'Revenge Porn' Law Signed in Calif.: Jail for Exes Who Post Indecent Photos of Former Partners Online

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    (Photo: REUTERS/Max Whittaker)
    California Governor Jerry Brown leaves a news conference at the State Capitol in Sacramento, California, January 5, 2012.
By Katherine Weber, Christian Post Reporter
October 2, 2013|1:54 pm

California Governor Jerry Brown signed a bill on Tuesday that bans "revenge porn" in the state, making it illegal for disgruntled exes to upload indecent photographs of their former partners to the Internet without the victim's permission. The new law makes such a practice a misdemeanor charge and can result in six months in jail and a $1,000 fine.

Senate Bill 255, one of 36 bills signed by Gov. Brown on Tuesday, makes it illegal to upload identifiable, indecent photos to the internet without permission of the photographed or for the purpose of causing emotional distress to the victim. The bill's text states that causing someone emotional distress by an indecent internet photo would constitute "disorderly conduct", and therefore the perpetrator should be "subject to that same punishment."

"Until now, there was no tool for law enforcement to protect victims," the bill's author, Sen. Anthony Cannella (R), said in a statement, as reported by the Associated Press. "Too many have had their lives upended because of an action of another that they trusted." Cannella also said that the issue of "revenge porn" has become more prominent in the social media era, where social platforms such as Twitter and Facebook are easily accessible to many.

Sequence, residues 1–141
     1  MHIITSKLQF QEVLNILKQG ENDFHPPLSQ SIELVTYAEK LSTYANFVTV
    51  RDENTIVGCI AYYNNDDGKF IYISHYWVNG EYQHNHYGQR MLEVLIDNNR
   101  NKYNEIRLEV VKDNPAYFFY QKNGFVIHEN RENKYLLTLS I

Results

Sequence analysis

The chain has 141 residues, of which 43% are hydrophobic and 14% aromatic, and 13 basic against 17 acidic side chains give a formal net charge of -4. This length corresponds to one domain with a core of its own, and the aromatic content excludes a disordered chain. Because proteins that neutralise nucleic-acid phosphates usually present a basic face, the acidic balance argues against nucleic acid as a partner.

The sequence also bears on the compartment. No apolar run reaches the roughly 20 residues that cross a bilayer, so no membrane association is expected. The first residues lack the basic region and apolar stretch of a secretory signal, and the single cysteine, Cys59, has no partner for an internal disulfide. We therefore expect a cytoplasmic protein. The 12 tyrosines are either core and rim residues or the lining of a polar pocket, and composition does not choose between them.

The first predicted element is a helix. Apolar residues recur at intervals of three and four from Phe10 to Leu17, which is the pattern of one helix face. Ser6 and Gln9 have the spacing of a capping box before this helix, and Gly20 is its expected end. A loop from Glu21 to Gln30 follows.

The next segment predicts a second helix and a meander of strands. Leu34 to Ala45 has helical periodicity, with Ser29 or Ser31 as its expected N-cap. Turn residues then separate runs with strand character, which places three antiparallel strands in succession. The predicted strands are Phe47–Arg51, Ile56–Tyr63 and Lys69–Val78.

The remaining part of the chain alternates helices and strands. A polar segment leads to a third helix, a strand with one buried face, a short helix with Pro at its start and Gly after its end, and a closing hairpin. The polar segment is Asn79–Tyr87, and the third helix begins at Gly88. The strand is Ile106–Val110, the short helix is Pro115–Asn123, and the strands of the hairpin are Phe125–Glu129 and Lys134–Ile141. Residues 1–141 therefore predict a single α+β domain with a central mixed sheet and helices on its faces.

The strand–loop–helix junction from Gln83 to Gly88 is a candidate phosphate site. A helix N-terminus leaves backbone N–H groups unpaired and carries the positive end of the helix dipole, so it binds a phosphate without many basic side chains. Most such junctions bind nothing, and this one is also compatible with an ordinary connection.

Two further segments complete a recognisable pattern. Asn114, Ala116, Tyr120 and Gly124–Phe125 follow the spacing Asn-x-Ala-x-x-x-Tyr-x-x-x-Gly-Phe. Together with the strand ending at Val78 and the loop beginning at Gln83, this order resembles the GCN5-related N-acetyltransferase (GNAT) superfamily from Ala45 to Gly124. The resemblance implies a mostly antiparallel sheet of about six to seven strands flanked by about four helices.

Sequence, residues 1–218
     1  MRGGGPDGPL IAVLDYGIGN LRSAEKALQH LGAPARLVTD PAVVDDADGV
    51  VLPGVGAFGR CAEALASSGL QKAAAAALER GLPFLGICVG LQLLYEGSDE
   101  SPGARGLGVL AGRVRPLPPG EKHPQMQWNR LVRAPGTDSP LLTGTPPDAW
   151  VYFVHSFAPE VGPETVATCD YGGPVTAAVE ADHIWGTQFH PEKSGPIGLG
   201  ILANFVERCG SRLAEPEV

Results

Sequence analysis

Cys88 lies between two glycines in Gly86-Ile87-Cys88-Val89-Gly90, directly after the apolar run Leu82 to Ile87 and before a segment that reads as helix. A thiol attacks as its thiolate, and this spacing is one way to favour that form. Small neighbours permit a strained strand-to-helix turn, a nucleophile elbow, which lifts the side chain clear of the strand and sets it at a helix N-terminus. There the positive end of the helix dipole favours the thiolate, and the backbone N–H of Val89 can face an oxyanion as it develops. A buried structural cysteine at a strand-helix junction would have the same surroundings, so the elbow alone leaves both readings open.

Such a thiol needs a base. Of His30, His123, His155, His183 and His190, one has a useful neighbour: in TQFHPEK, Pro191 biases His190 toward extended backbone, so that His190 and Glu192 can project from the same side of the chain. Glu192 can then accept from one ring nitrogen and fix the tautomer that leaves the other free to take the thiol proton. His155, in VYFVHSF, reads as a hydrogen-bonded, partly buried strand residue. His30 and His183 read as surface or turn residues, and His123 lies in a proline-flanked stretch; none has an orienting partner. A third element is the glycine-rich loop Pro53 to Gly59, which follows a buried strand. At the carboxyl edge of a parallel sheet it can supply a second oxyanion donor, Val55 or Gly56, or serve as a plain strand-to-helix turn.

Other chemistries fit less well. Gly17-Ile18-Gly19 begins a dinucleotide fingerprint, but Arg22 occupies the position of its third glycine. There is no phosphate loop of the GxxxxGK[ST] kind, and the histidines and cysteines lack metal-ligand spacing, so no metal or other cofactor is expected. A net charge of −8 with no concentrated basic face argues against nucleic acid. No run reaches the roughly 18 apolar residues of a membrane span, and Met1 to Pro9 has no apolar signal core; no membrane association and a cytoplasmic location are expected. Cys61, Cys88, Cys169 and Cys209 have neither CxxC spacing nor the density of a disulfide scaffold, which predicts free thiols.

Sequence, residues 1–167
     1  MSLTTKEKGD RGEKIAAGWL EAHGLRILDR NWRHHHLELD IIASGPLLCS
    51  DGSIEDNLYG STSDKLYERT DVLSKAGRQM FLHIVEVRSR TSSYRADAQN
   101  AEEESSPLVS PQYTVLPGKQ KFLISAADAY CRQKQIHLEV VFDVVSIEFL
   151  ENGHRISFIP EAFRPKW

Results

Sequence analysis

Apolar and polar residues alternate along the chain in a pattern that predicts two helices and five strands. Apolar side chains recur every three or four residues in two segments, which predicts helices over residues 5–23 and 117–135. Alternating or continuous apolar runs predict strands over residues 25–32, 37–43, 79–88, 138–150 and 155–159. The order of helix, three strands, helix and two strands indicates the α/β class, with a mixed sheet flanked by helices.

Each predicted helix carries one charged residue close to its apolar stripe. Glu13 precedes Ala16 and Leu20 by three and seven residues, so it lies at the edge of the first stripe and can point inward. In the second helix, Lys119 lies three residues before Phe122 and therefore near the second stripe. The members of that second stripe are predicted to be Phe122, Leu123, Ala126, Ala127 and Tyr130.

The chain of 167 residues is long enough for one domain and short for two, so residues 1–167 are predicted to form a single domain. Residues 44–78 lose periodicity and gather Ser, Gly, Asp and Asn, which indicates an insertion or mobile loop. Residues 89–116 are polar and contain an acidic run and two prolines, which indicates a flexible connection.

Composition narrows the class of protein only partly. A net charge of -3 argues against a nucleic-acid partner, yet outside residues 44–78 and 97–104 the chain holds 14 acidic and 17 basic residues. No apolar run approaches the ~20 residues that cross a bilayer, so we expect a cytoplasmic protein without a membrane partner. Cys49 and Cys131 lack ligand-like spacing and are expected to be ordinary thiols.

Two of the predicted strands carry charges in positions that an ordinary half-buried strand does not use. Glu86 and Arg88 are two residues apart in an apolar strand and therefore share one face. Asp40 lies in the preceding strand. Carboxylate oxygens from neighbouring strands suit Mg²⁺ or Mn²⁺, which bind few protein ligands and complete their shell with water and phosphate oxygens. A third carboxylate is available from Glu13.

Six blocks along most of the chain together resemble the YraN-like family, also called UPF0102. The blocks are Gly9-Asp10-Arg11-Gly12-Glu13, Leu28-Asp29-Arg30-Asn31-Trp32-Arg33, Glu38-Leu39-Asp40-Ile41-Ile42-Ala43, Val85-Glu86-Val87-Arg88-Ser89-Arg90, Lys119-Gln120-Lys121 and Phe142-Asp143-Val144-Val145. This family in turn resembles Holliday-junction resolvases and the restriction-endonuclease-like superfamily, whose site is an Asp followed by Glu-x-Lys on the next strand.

California is the second U.S. state to illegalize the act. New Jersey has a similar law that makes uploading revenge porn to the internet a felony. The issue has also been brought up in other states, such as Arizona, where recently the local CBS5 affiliate wrote a piece on women who have been victims of revenge porn. Similarly, Holly Jacobs, a victim of revenge porn, started the website EndRevengePorn.org to bring attention to the issue and to start a petition drive.

"It's like, you know, you're sitting at the bottom of a really long well and you're screaming at the top of your lungs and no one can help you," one such victim, called Jenny, told CBS5 in Phoenix. The article adds that since California passed its revenge porn law, many are hoping other states will follow suit.

The American Civil Liberties Union opposed California's revenge porn bill, arguing that the text was too vague and the law could end up encroaching on free speech rights. Also those opposing the law argue that it wades into the "murky areas of the Internet and image ownership," according to the LA Times. The issue of free speech rights serves as one of the main reasons similar bills have not been passed in more states.

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There are still active websites encouraging disgruntled exes to post photos of their former partners as a form of revenge. The website MyEx.com, for example, encourages users to "get the dirt before you get hurt or submit your ex or your favorite celebrities or athletes." Another website, Is Anyone Up, which no longer operates, allowed users to upload indecent photos of their ex-partners or those who participated in sexting with them.

 

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